1. It seems to be the season to attack 12 step groups of any kind. And that really breaks my heart and makes me angry. I hope that others will read your words and at least consider and try a 12 step program as a very viable recovery option before completely dismissing it.

    I wrote a post a month or so ago as well because I had read an blog/article completely and blatantly stating that 12 step programs don’t work and are harmful for partners of sex addicts. It wasn’t even written as someone’s personal, negative experience. Well, it made me quite indignant because my transformed life is proof that they absolutely can work! Hopefully we are able to bring a balance to the misinformation out there. Thank you!

    Liked by 1 person

  2. Thank you for this! I, too, have heard the naysayers. But, really, if a greater closeness to God saves you, who on Earth could think that’s bad? I have followed and been grateful for this blog on behalf of a family member who is now 16 months sober. The programs you mention helped save his life and allowed him to be a good father and husband. Thank you yet again and well done! You’ve taken the crippling challenges in your life and turned them around to help others.

    Liked by 1 person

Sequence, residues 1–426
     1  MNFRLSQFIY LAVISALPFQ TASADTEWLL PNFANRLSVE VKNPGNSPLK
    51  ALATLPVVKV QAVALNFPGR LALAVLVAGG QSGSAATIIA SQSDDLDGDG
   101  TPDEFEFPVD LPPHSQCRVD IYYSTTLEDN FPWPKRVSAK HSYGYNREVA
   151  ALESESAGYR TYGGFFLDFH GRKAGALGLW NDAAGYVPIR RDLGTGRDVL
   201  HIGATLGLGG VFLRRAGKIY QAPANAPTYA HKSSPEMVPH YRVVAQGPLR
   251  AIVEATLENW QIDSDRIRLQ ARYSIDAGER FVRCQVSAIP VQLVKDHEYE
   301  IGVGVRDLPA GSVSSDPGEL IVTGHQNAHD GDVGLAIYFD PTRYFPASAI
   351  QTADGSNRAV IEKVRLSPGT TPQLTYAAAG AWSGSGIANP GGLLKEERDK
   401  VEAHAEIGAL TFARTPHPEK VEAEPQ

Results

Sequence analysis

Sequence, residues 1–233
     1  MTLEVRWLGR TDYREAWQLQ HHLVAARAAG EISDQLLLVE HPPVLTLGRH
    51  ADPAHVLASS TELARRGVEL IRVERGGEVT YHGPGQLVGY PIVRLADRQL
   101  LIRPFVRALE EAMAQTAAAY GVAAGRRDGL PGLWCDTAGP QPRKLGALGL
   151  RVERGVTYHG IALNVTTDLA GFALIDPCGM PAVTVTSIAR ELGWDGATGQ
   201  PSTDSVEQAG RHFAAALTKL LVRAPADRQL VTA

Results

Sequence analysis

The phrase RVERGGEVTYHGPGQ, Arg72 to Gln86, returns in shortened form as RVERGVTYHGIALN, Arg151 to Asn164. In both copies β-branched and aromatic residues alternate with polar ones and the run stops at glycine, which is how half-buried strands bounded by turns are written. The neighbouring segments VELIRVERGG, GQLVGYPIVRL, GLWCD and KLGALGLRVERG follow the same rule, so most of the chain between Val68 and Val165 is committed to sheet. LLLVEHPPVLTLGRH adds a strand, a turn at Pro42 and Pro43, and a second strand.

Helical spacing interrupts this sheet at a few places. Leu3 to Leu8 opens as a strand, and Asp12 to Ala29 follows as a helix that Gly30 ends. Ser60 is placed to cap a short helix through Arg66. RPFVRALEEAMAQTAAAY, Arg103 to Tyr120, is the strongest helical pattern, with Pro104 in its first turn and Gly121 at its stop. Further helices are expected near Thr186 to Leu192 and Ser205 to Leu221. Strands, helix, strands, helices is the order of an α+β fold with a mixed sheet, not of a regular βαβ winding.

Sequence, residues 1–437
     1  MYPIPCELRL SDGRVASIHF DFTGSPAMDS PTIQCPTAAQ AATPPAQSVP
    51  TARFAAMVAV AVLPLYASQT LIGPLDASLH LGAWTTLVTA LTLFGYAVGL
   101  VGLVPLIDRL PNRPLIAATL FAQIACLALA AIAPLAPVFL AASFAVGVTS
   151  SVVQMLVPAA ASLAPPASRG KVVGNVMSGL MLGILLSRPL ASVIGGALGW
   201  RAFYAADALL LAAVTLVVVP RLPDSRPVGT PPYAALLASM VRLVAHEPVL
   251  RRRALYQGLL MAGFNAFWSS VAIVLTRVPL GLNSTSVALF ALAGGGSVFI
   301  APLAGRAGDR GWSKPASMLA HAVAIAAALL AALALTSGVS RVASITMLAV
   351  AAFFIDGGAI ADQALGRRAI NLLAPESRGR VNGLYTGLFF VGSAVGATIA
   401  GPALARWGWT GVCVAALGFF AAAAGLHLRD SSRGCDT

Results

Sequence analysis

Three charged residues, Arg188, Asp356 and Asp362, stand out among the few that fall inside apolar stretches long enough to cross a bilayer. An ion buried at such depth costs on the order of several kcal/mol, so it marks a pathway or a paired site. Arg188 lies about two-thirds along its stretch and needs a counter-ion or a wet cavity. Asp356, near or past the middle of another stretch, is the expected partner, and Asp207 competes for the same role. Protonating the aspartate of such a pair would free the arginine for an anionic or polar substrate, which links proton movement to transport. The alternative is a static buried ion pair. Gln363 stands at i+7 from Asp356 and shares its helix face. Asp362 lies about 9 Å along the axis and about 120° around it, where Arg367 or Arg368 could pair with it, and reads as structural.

3. That’s a great overview.
    12 step meetings are an option everyone in recovery should consider trying, if only to feel, in person, the connection that is created in a room full of sober people.
    The truth and honesty always comforts my soul.

    Liked by 1 person

  4. Hello V. 12 step programs tend not to get any publicity in the UK (either negative or positive). The first 12 step group I went to was not very welcoming, however the concept behind the recovery was very positive (for the reasons you have stated) so I went to a group in another town. I am so grateful for this group in so many ways. There are members and a sponsor I can talk openly and honestly for the first time in my life and I benefit from their advice. I am not living in isolation and in my sick head. Helping others, listening to advice and keeping peoples trust in the 12 step group has helped to mature emotionally and stay sober for long periods of time. Look after yourself. Thank you Mark

    Liked by 1 person

    1. I am so happy you went to another meeting after the initial experience you had! Too often, people turn away from it after their first meeting not realizing that every group has different members and things to offer. I don’t know where I would be today without my sponsor and the 12 steps.

      Like